Marquesan Dancing

Our arrival on this little island paradise was timed just right for us to see three performances of the traditional dance competition. We were flabbergasted to see four local groups compete with highly elaborate and styled costumes, performing different local dances every night. What a delight after living in rhythmically underdeveloped Hawaii to sit next to a percussion group banging away on giant carved wooden bass drums, rattling over split bamboo sticks, clonking on hollowed out logs and little maybe foot high bucket drums holding it all together with complex rhythm patterns. This group accompanies from twenty to thirty dancers, the ladies in elegant costumes doing dance steps that make them seem to float through the air and the men howling and stomping testosterone saturated warrior moves. A feast for the eyes, ears and the awestruck mind.

Just yesterday we had a chance to see how embedded in everyday life these dances are. While visiting the local Catholic Church and admiring the amazing wooden sculptures that adorn it, we heard some drumming outside in the courtyard. Coming out of the church we saw a group of young men performing a dance to the drumming and teaching it to three young boys. They very diligently taught the words and gestures and made sure that they were executed right. The male dances are tough, testosterone soaked rituals, growling vocals and warrior like gestures and men and boys were really into it. So here we have it, living culture that survives in spite of the Western culture trying to replace it.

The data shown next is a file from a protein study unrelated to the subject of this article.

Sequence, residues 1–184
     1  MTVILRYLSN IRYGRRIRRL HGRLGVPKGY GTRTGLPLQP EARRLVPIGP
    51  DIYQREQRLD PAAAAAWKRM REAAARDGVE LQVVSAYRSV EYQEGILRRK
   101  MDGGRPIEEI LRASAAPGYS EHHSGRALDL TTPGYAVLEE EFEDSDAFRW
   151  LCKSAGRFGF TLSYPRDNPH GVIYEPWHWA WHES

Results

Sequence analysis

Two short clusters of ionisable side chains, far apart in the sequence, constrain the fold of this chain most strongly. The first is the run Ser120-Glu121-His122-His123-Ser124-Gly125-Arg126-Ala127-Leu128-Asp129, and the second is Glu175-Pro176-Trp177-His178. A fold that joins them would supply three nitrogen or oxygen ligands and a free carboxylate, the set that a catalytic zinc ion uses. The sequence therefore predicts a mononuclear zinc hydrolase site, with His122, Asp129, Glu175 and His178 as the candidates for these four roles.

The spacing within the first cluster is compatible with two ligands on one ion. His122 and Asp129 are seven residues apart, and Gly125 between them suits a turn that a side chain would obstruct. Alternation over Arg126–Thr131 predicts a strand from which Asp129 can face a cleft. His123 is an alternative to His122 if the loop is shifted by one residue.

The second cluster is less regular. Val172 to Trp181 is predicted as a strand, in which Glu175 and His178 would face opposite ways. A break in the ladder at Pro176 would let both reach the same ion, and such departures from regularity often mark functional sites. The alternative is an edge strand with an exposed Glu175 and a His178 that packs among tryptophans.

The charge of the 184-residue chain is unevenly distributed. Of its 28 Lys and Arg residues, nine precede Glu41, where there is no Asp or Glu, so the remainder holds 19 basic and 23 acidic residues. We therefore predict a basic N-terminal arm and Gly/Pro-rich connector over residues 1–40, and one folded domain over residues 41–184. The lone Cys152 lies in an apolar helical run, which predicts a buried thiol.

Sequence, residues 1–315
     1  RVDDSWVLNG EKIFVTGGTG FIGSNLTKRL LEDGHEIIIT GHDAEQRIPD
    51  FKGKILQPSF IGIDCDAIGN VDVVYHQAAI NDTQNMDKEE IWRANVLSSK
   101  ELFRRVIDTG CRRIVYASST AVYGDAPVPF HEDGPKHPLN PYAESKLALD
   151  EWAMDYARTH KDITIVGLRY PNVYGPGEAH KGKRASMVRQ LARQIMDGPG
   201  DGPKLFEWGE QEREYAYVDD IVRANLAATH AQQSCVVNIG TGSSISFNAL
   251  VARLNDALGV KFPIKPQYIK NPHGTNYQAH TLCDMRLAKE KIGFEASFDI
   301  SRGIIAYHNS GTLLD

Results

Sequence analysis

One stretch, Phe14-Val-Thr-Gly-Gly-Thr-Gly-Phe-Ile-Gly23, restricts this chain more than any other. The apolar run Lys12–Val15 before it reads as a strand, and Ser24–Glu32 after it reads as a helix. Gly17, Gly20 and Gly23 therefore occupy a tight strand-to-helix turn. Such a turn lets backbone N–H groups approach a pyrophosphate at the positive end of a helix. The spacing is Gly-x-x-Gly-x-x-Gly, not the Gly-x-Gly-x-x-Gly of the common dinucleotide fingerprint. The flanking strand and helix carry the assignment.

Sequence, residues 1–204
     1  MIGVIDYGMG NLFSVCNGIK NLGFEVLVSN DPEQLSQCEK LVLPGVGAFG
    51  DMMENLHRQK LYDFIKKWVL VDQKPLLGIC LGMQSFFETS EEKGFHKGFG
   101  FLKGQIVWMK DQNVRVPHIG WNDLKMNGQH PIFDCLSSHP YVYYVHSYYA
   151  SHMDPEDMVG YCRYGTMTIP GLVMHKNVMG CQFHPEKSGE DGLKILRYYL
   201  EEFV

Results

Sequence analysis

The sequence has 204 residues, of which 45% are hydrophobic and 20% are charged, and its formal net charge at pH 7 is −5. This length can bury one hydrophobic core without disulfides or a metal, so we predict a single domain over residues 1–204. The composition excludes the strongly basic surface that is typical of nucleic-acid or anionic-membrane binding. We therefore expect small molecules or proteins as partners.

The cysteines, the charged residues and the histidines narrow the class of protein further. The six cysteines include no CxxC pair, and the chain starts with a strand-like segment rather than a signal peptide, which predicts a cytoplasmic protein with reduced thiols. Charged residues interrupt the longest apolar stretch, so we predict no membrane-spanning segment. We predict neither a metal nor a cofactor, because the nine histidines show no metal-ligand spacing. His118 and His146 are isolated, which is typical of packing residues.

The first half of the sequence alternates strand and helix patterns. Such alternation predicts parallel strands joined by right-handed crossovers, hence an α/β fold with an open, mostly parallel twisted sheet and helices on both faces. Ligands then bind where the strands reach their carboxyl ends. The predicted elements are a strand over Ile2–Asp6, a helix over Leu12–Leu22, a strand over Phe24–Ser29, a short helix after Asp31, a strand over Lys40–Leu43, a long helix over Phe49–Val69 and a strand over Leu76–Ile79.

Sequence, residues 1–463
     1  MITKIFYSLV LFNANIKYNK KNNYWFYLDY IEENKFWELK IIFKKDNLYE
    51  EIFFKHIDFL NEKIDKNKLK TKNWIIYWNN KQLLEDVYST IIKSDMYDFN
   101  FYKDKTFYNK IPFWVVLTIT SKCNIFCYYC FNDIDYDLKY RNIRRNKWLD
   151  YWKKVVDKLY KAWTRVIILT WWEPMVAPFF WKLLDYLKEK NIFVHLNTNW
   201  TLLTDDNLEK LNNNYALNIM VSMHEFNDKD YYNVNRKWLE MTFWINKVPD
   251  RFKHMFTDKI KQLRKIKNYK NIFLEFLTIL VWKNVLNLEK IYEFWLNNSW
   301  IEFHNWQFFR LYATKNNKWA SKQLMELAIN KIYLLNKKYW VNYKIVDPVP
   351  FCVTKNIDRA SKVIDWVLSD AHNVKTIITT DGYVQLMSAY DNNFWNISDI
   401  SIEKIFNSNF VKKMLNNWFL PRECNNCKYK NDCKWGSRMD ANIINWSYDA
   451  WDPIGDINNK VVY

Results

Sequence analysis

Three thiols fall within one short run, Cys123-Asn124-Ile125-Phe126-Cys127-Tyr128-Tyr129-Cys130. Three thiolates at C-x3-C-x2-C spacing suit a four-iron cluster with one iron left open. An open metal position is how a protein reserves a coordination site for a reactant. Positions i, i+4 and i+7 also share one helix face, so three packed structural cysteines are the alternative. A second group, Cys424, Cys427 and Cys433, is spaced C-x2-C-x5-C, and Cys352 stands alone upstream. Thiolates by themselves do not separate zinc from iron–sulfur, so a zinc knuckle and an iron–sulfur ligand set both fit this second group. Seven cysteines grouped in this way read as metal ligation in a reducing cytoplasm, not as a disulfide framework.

2 Responses to “Marquesan Dancing”

  1. Paz Says:

    How wonderful to hear that you are discovering new worlds!!
    un abrazo carinoso!

  2. Finally a Video! « Aluna’s Travel the World Blog Says:

    […] Finally a Video! By alunaboat We’ve moved our anchors just a little yesterday and are now just a little bit closer to the WiFi antenna on the dock. For the first time here in French Polynesia I have been able to upload a video! Nothing fancy and just a short glimpse, but here is the video of the dances we saw during the July festivities (see post Marquesan Dancing) […]

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